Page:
Weekly Writing Challenge: Make a Motivational List

on November 5, 2007 in Productivity & Organization

It's not always easy to stay motivated as a writer, while at other times the words seem to just flow naturally. How can you harness that kind of motivation to pull a little bit of it up whenever you need it? A motivational list may help.

This week, create your own motivational list. It doesn't matter whether you type it up, write it in a notebook or journal, slap a short list on a sticky note to your monitor, or put it on the white board on your wall.

Just make a list of the things you love about writing... remind yourself why you write in the first place, why you need to just sit down and get the words out, and more importantly why you enjoy it. We sometimes forget those things when we're not in a "writing mood." Here are a few of my motivations to give you some ideas:

  • I always feel accomplished when I've created something.
  • I know that working hard in the kind of work I do will someday allow me to stay home when I have children.
  • My boyfriend has an insane work schedule that's highly inflexible. I know that by getting my writing done whether I want to or not at the moment, it allows me to be very flexible with my schedule so we can deal with things we need to deal with (whether it's house hunting to just spending time together).
  • Writing relaxes me, because I generally only write on topics that I know and enjoy.
  • I like being able to share my areas of expertise with others and to network with others sharing my interests, which is a big motivational factor in making me blog when I (often) don't really feel like it... like my non-blogging mood today. 😉
Thanks for sharing!
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Jennifer Mattern is a professional blogger, freelance business writer, and indie author. Through her company, 3 Beat Media, she operates All Indie Writers, NakedPR.com, BizAmmo.com, and numerous other blogs.

Jenn has over 15 years experience writing for others, over 11 years experience in blogging, and 9 years experience in indie e-book publishing. She is an Active member of the Horror Writers Association.

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  1. Gauhar November 6, 2007 Reply

    I am sure you will agree, it is really very difficult to stay motivated for a long time when you are not really having great success. In my opinion, Success is the Biggest motivator.

    I liked your list of motivations, especially the “I always feel accomplished when I’ve created something.”

    Thats so true for most people. A feeling that you’ve created something useful, a sense of accomplishment, is what matters the most. It gives you a psychological boost, an emotional push…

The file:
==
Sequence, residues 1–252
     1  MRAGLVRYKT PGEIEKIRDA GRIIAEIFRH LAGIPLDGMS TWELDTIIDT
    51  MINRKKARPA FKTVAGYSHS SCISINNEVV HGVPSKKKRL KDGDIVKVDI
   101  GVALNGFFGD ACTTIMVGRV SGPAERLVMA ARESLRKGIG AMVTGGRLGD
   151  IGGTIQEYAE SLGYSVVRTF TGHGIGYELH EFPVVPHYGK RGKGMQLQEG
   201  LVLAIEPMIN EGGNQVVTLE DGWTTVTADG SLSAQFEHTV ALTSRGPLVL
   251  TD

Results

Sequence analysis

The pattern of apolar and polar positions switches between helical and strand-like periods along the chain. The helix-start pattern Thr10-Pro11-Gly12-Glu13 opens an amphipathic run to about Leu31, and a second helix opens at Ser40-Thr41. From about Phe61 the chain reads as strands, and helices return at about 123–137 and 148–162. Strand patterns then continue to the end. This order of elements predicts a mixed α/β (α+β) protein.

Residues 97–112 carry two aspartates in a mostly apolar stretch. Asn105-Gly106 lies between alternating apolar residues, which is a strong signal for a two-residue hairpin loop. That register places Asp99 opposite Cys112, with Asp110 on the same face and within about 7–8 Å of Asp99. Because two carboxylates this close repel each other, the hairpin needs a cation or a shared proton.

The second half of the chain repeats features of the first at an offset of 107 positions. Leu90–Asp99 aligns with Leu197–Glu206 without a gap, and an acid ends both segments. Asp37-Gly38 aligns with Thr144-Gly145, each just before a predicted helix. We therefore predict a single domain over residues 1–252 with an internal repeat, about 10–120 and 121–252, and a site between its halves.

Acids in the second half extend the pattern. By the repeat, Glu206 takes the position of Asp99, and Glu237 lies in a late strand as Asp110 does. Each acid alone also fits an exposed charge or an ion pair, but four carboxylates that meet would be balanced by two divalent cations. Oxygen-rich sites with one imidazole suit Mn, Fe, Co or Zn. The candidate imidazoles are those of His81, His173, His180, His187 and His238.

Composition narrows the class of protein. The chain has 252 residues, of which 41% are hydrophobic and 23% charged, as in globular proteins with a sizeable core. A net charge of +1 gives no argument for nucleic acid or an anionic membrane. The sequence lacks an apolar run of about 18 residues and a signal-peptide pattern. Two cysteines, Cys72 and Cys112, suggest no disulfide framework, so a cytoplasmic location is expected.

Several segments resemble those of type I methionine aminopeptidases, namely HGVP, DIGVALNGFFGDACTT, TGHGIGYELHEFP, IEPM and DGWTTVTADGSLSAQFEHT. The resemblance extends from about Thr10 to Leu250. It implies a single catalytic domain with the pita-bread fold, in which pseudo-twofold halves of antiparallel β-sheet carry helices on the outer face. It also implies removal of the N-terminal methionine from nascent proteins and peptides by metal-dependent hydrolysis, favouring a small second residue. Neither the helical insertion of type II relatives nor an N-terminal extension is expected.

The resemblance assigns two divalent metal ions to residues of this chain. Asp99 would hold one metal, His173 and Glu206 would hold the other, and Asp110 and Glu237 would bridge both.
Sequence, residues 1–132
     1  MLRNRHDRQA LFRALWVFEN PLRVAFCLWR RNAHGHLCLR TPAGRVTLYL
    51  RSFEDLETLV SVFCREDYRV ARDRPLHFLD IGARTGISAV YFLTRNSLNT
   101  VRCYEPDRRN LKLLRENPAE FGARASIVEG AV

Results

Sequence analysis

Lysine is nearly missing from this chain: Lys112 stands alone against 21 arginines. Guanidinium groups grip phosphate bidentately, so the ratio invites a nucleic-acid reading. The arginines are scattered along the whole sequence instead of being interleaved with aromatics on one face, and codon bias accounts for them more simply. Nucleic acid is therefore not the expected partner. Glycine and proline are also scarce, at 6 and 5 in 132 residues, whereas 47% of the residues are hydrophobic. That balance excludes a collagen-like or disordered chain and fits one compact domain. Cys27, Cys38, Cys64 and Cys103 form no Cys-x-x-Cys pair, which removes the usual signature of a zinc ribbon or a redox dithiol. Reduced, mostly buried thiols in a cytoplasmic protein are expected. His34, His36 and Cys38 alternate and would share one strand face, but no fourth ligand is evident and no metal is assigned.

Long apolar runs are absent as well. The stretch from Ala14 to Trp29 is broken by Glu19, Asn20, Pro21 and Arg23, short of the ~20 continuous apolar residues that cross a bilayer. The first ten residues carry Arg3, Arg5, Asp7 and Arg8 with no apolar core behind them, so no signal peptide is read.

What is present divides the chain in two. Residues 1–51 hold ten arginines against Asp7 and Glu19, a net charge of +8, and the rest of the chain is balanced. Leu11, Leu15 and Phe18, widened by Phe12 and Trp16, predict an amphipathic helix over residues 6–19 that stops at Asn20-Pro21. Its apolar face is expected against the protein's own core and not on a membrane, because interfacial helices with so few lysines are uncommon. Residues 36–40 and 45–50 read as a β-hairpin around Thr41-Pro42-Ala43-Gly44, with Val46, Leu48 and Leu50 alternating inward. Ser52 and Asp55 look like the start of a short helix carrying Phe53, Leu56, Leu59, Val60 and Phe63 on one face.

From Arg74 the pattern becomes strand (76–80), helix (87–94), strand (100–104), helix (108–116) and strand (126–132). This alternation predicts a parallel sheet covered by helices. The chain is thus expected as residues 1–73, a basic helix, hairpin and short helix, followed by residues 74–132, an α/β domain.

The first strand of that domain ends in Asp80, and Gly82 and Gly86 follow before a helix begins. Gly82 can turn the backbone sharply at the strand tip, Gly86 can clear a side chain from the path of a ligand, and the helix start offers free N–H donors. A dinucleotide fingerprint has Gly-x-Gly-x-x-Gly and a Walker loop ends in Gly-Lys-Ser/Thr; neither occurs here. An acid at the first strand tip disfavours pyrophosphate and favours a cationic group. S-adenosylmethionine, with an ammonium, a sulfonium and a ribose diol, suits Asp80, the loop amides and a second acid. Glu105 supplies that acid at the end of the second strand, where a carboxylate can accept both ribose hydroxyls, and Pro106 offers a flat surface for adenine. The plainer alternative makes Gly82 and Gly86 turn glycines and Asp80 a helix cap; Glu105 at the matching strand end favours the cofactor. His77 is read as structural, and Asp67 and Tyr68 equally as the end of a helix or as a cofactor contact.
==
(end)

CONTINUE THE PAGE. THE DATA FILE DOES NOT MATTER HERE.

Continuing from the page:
And you have a sense of accomplishment when visitors comment on your blog posts… 🙂 Or when you earn money…

    What do you think? How do you keep up your motivation? i always loose interest in my work, and start another project before completing the first one. So, in the end, I have numerous projects, but noe of them completed.

  2. Melissa Donovan November 6, 2007 Reply

    What a great exercise. Now, if only I can find the time to sit down and write that list! First on it will be blog surfing.

    -Melissa Donovan
    Writing for Writers

  3. latoya November 8, 2007 Reply

    I like the fact that Jenn’s #1 motivator (not sure if her list was in a particular order) was creating something. It wasn’t that she’d made money or that her page rank increased, but something as simple as starting out with nothing and ending up with something. I think all writers must have and remember their unadulterated love for writing. Otherwise, it’s easy to lose interest.

  4. Jenn November 8, 2007 Reply

    @Gauher – I certainly do lose motivation sometimes. I’m also big on starting new projects (started two new blogs very recently actually). 🙂 Instead of looking at them as a substitute necessarily, I look at them as an addition to the mix, and I go back to other projects after taking a break. If I find that I truly can’t stay interested in a project, I either sell the site (if it’s a site), revamp the project, or simply let it go to spend time on a more productive (and interesting) project. Being in business you have to understand up front that not every project will be a success. All you can do is pick up and move onto something else until you find the perfect mix for you. 🙂

    @Melissa – Glad to hear you’ll be starting a list. 🙂 It really can help to remind you of why you love what you’re doing when it starts to feel like all work and no fun. 🙂

    @Latoya – Yeah, money’s definitely a motivating factor, so I’m actually surprised that it didn’t even come to mind when I wrote up that list. lol 🙂 It’s far from the biggest though. I’ve made lots of money in jobs I’ve hated, and wouldn’t go back in a million years. Starting my own work was a constant struggle financially in the beginning, and it really was just the passion that made me stick with it through the rougher patches to build something in the long run. With me, I literally started with nothing. I didn’t spend a cent at first when starting my business, and grew it into a full-time income stream relatively quickly. There’s a certain sense of accomplishment with that as a whole, as well as individual projects. If I didn’t have that, I may have just given in early to the people who said I couldn’t do it. Nothing feels better than pushing through a project just to prove someone else wrong (and know that I’m able to do something they didn’t expect).

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